Since its publication, Ms. Akosua Abeka’s essay “Ashesi University—Blackface U.S. College Corporatism Reaches African Shores” has received much public and private debate.
Some readers shed light upon the history of Ashesi University, emphasizing the influence of its current President Patrick Awuah more than its governing board. Hene Aku Kwapong shared: “I worked with Patrick at Microsoft. Idea of Ashesi was born over lunch among a group of Ghanaians at Microsoft just sitting around shooting the breeze before Patrick left for business school. And that is why most of us at Microsoft and our bosses put up resources to make it happen.”
Yaw Djin revealed the frustrations in starting any business venture and expressed empathy for Mr. Awuah’s reliance upon foreign funding: “Having tried several times to get African ideas off the ground and been blocked by fellow Africans who were more interested in either stealing my ideas, humoring me and doing nothing, I can understand why Patrick would extend his network to non-Africans to get things moving. It’s easy to say, ‘Find black women to fill the roles’, harder finding people who won’t waste your time. I have, several times.”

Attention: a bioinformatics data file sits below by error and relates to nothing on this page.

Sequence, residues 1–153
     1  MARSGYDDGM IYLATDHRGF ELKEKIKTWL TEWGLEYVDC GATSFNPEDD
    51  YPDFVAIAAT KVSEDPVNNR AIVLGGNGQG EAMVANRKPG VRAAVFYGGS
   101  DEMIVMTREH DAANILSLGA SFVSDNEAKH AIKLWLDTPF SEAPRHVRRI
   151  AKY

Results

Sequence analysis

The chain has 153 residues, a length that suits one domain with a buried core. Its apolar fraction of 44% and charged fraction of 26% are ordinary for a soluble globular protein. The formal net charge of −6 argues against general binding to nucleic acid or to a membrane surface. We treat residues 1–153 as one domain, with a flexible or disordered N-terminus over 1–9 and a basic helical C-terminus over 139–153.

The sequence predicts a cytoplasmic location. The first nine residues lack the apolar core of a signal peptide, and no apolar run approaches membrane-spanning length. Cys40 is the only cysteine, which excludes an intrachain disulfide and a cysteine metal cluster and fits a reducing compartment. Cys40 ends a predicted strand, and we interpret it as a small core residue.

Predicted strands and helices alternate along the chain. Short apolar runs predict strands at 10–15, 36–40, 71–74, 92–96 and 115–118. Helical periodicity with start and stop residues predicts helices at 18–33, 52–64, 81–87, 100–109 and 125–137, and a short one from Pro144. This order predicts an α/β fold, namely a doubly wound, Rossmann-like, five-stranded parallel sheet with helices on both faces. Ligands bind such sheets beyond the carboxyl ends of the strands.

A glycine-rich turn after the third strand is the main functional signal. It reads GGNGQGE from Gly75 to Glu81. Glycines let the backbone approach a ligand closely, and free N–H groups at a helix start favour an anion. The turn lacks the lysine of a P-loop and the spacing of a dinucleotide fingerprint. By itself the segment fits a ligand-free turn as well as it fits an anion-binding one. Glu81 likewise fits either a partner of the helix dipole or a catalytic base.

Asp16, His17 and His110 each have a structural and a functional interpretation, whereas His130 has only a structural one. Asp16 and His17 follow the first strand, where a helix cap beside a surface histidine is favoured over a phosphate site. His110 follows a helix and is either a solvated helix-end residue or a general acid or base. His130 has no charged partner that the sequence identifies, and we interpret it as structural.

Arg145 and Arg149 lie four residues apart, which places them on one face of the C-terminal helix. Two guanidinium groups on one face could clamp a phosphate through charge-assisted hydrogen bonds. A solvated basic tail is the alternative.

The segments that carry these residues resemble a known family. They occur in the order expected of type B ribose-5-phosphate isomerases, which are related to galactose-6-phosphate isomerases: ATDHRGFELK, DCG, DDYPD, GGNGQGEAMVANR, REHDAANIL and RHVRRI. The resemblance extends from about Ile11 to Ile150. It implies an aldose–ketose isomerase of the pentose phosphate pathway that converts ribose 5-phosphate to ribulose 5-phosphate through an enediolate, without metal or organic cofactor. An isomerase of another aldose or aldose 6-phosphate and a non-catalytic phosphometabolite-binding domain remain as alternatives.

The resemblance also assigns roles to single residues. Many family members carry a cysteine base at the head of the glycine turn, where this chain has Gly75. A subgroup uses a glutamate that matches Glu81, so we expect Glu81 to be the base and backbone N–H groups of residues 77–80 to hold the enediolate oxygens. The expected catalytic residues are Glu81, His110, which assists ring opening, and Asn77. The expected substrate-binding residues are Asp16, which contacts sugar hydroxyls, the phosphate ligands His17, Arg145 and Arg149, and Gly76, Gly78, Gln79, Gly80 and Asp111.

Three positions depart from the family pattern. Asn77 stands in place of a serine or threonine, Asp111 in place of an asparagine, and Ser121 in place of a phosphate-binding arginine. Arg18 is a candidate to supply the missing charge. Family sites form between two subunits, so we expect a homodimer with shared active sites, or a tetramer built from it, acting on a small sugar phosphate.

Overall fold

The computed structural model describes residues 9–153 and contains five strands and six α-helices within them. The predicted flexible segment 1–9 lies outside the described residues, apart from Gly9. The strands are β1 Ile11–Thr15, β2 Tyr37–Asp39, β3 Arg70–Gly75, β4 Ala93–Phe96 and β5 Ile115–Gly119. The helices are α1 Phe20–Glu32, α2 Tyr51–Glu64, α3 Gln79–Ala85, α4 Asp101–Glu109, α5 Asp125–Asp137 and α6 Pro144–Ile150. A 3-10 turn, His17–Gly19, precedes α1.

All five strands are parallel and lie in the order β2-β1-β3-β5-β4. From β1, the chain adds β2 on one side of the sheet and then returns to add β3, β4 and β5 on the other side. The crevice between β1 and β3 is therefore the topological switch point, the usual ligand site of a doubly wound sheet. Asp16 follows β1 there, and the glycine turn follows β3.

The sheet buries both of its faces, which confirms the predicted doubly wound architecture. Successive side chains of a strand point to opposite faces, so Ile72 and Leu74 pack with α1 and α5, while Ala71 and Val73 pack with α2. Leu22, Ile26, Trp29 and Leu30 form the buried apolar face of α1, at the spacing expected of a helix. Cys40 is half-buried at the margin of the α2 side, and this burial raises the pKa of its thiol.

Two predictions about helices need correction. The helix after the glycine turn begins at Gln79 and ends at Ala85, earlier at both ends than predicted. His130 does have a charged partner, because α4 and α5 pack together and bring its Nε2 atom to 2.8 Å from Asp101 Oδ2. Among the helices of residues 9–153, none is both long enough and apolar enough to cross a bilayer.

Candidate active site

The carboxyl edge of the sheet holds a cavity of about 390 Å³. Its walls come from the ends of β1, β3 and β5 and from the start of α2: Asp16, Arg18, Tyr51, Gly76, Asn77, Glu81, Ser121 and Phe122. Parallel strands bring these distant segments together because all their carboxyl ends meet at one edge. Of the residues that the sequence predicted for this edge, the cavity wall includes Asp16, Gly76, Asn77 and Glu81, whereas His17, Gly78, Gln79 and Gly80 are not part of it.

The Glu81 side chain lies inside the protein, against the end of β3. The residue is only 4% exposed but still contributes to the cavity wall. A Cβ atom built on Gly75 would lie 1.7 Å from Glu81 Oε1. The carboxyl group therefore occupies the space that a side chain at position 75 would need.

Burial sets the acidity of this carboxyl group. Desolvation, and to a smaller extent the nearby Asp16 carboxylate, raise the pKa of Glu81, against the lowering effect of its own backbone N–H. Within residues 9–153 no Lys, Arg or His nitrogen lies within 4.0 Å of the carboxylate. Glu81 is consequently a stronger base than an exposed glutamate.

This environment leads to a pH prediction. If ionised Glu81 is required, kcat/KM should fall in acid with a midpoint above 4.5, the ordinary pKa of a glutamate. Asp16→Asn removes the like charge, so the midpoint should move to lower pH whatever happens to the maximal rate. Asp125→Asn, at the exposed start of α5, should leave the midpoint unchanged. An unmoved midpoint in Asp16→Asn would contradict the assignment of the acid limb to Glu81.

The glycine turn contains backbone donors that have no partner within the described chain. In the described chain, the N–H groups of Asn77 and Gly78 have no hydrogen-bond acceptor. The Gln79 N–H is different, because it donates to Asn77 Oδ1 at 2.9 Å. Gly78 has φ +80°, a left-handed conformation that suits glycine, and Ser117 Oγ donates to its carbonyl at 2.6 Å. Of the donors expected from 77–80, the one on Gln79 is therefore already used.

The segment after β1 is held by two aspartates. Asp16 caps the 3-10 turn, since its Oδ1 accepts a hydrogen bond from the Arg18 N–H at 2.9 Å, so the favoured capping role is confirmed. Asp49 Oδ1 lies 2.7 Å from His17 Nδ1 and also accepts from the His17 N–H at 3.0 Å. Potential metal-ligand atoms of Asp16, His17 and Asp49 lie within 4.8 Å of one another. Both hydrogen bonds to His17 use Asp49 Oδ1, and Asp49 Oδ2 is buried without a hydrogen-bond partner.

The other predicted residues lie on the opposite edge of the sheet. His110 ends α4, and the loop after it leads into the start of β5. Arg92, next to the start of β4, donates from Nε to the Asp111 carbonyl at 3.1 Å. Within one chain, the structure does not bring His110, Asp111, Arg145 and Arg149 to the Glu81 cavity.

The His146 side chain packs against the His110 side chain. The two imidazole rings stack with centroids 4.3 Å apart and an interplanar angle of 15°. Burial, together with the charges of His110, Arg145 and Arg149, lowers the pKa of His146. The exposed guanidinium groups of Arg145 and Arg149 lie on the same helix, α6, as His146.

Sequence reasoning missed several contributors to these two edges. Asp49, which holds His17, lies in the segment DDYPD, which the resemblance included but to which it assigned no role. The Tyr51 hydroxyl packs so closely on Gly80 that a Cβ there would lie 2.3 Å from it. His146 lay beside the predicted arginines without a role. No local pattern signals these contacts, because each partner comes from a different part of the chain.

Daniel Appiah held optimism about the increased involvement of Ghanaians in Ashesi’s future: “On the one hand, it seems that you have some good points about the structure of Ashesi’s management team as being Western dominated… But I am confident that in the near future Ashesi’s graduates will be capable of dominating the management of their alma mater.”
In the midst of what could have been an overall healthy and productive discussion about future directions of higher education in Ghana, many commenters could not resist the troubled urge to demean Africans in the process.